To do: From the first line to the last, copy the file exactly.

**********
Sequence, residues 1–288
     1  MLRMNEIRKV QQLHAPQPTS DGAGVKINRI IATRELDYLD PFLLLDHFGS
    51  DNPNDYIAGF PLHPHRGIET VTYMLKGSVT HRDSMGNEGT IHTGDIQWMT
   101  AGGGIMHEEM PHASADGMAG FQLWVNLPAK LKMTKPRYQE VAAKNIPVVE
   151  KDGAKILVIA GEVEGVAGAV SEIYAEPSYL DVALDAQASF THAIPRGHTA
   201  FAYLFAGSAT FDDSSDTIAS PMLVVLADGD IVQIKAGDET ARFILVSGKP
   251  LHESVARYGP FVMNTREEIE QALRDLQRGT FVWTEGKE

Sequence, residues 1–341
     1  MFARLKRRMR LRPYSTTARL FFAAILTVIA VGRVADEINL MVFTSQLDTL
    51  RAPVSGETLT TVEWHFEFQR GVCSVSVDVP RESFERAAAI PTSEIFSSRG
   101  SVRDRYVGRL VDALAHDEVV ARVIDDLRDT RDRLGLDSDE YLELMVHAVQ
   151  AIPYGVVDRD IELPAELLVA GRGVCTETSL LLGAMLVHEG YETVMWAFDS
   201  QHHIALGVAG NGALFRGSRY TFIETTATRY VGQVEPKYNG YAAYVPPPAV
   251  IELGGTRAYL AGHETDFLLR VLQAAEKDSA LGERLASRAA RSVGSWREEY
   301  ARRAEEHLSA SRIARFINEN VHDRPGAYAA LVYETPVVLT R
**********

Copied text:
Sequence, residues 1–288
     1  MLRMNEIRKV QQLHAPQPTS DGAGVKINRI IATRELDYLD PFLLLDHFGS
    51  DNPNDYIAGF PLHPHRGIET VTYMLKGSVT HRDSMGNEGT IHTGDIQWMT
   101  AGGGIMHEEM PHASADGMAG FQLWVNLPAK LKMTKPRYQE VAAKNIPVVE
   151  KDGAKILVIA GEVEGVAGAV SEIYAEPSYL DVALDAQASF THAIPRGHTA
   201  FAYLFAGSAT FDDSSDTIAS PMLVVLADGD IVQIKAGDET ARFILVSGKP
   251  LHESVARYGP FVMNTREEIE QALRDLQRGT FVWTEGKE

Sequence, residues 1–341
     1  MFARLKRRMR LRPYSTTARL FFAAILTVIA VGRVADEINL MVFTSQLDTL
    51  RAPVSGETLT TVEWHFEFQR GVCSVSVDVP RESFERAAAI PTSEIFSSRG
   101  SVRDRYVGRL VDALAHDEVV ARVIDDLRDT RDRLGLDSDE YLELMVHAVQ
   151  AIPYGVVDRD IELPAELLVA GRGVCTETSL LLGAMLVHEG YETVMWAFDS
   201  QHHIALGVAG NGALFRGSRY TFIETTATRY VGQVEPKYNG YAAYVPPPAV
   251  IELGGTRAYL AGHETDFLLR VLQAAEKDSA LGERLASRAA RSVGSWREEY
   301  ARRAEEHLSA SRIARFINEN VHDRPGAYAA LVYETPVVLT R